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Iceland to trial Northern Ireland’s first reverse vending machine

UK retailer Iceland has introduced the first in-store reverse vending machine in Northern Ireland as it continues its efforts to reduce the environmental impacts of single-use plastics on the environment.

Reverse vending machines reward individuals for recycling by providing money or vouchers in return for empty containers. Iceland’s reverse vending machine accepts any plastic beverage bottle purchased in Iceland and repays customers with a 10 pence voucher to be used in store for each bottle recycled. The machine will be trialled for six months at Iceland’s Belfast Park Centre store to assess consumer appetite for such a scheme.

Iceland to trial Northern Ireland’s first reverse vending machine
The Northern Ireland installation follows the announcement of the results from previous trials of in-store reverse vending machines in England, Scotland and Wales. More than 310,000 plastic bottles were returned over a six-month period, while in November alone, a daily average of 2,583 bottles were recycled across four sites, with an average of £250 in coupons refunded per day.

The initial trial incorporated England, Scotland and Wales with machines installed in Wolverhampton, Mold, Fulham and Musselburgh as well as a machine for staff use at the retailer’s head office in Deeside.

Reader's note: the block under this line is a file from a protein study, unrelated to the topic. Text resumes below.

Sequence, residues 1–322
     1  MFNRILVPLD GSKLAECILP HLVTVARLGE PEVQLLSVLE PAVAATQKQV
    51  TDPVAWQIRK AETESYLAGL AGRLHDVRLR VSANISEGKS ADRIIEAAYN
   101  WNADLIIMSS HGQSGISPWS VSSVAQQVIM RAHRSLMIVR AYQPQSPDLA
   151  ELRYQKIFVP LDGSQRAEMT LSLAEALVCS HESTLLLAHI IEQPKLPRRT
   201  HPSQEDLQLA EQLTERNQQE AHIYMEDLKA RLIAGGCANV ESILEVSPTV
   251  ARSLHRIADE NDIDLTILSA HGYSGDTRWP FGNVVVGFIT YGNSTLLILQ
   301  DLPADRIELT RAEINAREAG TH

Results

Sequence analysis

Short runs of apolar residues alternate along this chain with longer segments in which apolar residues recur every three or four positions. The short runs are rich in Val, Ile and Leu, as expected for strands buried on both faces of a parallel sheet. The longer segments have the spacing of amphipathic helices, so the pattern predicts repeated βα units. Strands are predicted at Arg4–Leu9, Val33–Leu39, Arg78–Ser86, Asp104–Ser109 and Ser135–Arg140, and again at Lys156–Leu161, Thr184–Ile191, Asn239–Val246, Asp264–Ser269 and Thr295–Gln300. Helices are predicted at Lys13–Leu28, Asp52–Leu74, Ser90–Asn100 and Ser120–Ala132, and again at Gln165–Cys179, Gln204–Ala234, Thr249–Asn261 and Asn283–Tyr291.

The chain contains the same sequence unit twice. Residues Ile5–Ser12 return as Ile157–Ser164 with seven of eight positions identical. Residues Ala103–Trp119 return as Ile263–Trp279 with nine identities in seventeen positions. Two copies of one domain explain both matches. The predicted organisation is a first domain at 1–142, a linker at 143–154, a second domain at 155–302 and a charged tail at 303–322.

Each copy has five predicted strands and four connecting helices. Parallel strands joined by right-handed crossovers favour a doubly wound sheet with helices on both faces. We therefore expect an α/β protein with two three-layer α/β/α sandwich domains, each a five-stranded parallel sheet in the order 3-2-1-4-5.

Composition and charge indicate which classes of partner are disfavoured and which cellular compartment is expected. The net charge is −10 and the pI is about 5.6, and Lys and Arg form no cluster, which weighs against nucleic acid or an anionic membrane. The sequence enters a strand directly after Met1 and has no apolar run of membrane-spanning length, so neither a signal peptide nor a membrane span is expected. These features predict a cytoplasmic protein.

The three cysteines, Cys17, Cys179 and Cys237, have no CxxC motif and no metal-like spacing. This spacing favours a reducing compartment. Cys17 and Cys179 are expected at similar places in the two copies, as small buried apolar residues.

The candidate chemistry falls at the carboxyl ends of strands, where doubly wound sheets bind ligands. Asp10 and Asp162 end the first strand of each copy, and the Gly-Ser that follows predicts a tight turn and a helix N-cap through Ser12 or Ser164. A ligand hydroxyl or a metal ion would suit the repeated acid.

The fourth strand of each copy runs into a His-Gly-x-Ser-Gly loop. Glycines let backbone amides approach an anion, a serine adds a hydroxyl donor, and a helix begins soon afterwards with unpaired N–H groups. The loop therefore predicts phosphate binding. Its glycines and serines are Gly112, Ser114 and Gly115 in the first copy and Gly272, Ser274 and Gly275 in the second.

Following its success, Iceland is extending the trial in England, Scotland and Wales for a further six months to collect additional data on the positive environmental impact of a potential national roll-out over a 12-month period.

The results of the trial have been shared with the Department for Environment, Food and Rural Affairs (Defra) to help inform the consultation on a deposit return scheme for single-use beverage containers, which Environment Secretary Michael Gove confirmed in March of last year, though he later added that it would be unlikely to be implemented before 2020. The results of the Northern Ireland trial will be shared with local councils and the Department of Agriculture, Environment and Rural Affairs (DAERA).

Commenting on the trial of the machine in Northern Ireland, Richard Walker, Managing Director at Iceland, said: “The overwhelming consumer support we have received in response to our reverse vending machine trial clearly demonstrates consumer appetite for improved in-store recycling, and deposit return schemes.

“We have expanded our trial to Northern Ireland to ensure our trial is as robust as possible and is representative of customers from across all of the UK. The findings will inform future Iceland initiatives and planned roll-outs of recycling schemes, empowering retailers and consumers to tackle the scourge of plastics, head on.”

Iceland has been a leading voice in the world of business against plastic pollution, stating in January that it would make all of its own-brand products (around 1,400 items) free of plastic by 2023 and adopting the first ‘Plastic Free’ mark in May, informing customers that a product’s packaging has no plastic in it.

However, despite its actions to tackle plastic pollution, Iceland has not signed up to the new UK Plastics Pact, a cross-industry commitment to eliminating ‘unnecessary’ single-use packaging by 2025. Walker told the Guardian that Iceland chose not to participate because its own plastic reduction ambitions surpass those of the Pact.

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